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Waterfowl hunting

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Ratification Date: 01 Aug 2015

Policy

Waterfowl should not be hunted for recreation or sport alone. Where waterfowl are shot for culling or food, shooters should obey all relevant legislation, permit conditions and codes of practice. The main concern must be for the welfare of the waterfowl.

Background

Waterfowl hunting is undertaken in our society for a number of reasons, including food provision, mitigation of crop damage, traditional or cultural reasons and recreation.

The hunting of waterfowl using shotguns may result in the non-fatal injury of a proportion of target birds resulting in pain and suffering. To address this issue, hunters must be trained to only fire on birds within the optimal shotgun range, choke and shot size being used. Strict waterfowl identification tests (WIT) must be completed prior to the issuing of a duck hunting license.

A study by Szymanski & Afton (2005) in Minnesota (USA) reported approximately one-third of ducks are injured but escape capture, however this percentage needs further study to be validated. Their data are insufficient to ascertain the proportion of ducks that are still alive when they are retrieved. Although this study’s intent was not to examine the animal welfare aspects of duck hunting, it raises important questions about the humaneness of waterfowl hunting activities in Australia.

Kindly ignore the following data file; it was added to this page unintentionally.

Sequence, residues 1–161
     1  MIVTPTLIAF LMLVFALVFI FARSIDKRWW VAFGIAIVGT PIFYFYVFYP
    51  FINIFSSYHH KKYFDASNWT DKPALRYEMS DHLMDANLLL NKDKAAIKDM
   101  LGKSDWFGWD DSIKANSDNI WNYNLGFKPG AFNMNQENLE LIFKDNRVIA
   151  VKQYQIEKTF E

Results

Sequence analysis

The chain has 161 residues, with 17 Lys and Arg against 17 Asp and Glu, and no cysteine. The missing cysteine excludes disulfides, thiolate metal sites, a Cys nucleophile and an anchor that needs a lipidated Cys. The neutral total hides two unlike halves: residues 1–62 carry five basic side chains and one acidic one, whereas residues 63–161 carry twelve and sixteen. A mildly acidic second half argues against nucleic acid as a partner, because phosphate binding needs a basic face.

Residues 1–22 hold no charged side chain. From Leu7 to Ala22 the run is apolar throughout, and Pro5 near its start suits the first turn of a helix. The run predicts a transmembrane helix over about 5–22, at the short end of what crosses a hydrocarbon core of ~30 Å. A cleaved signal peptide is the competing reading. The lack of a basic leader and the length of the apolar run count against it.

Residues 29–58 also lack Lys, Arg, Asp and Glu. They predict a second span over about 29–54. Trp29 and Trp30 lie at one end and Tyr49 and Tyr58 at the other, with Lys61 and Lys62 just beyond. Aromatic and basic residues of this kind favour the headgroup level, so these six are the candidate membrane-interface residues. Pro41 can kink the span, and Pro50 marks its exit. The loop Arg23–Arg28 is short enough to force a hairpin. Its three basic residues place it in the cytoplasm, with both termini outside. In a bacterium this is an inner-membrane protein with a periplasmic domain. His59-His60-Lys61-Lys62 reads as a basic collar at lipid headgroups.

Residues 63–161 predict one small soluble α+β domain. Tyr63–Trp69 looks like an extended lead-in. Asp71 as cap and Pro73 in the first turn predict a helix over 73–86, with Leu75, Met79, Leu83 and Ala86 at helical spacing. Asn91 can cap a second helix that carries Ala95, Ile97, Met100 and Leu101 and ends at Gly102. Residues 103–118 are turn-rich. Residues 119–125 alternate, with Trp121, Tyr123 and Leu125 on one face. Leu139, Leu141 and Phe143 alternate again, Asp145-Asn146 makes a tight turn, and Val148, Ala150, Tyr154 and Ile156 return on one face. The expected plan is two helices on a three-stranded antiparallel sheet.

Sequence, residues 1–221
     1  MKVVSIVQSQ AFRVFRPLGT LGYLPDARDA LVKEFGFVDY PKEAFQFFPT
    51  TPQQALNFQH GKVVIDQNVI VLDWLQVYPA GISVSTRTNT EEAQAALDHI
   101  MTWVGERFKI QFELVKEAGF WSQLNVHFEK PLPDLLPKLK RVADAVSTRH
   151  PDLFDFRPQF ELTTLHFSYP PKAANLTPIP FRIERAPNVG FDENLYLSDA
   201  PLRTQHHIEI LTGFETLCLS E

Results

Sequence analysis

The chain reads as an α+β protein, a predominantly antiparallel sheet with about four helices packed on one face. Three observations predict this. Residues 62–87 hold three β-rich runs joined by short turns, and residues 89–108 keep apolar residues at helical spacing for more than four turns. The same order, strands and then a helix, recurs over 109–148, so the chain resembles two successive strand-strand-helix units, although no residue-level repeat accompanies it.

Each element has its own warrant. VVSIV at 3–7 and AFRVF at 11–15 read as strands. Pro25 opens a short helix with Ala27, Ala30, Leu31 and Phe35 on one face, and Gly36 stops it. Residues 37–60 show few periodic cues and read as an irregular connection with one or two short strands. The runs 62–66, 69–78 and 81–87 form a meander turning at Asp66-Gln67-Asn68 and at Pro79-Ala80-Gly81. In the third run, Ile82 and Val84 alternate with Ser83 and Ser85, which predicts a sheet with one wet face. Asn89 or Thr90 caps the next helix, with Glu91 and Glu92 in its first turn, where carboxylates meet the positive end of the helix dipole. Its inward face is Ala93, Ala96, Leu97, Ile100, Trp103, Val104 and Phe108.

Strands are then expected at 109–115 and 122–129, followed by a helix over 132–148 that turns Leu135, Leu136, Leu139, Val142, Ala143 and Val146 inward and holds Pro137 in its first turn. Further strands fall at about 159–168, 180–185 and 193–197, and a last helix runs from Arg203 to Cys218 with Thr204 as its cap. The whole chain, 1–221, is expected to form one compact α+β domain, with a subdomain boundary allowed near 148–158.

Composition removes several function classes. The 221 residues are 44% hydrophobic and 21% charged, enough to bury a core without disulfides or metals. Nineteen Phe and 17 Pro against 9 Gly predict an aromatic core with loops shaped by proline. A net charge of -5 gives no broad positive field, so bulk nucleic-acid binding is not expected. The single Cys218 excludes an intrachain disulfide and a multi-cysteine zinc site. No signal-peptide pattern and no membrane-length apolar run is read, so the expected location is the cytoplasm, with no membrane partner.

The primary concerns are for the welfare of the hunted waterfowl, and in the sustainability of native waterfowl populations. It is therefore essential that all hunters are appropriately licensed under their relevant state or territory legislation, that they must pass waterfowl identification tests (in Victoria, these are conducted at DPI offices and TAFEs) and that waterfowl populations are regularly monitored by the relevant state authority. The Victorian Government’s Shotgunning Education Handbook (2010) provides guidance on improved hunting practices, use of appropriate chokes and loads for various scenarios, equipment limitations, and information on best practice hunting and retrieval strategies, to reduce the number of wounded birds and improve the sustainability and humaneness of waterfowl hunting. In all states, hunters should be required to attend specific training courses, to improve their shotgunning skills and the humaneness of waterfowl hunting activities throughout Australia. Using trained gun dogs to retrieve birds ensures wounded birds are quickly found.

Veterinarians need to be aware of any relevant legislation in their jurisdiction. For example, under the Victorian Wildlife Act 1975, a person without a license must not be in possession of live game. However there is a specific exemption under the associated Wildlife Regulation 2013 for possession of live game by non-licensed persons during transport to a veterinarian, and during treatment of the animal by a veterinarian.

References

Szymanski, ML & Afton, AD, 2005, Effects of spinning-wing decoys on flock behavior and hunting vulnerability of mallards in Minnesota. Wildlife Society Bulletin, Vol 33 No 3, 993-1001.

Victorian DPI (2010) Shotgunning Education Handbook, Be a better game bird hunter, Victorian Department of Primary Industries. Available from: www.depi.vic.gov.au/fishing-and-hunting/game-hunting/game-hunting-education/shotgunning-education-handbook/introduction

Date of ratification by AVA Board: 25 July 2013

Updated August 2015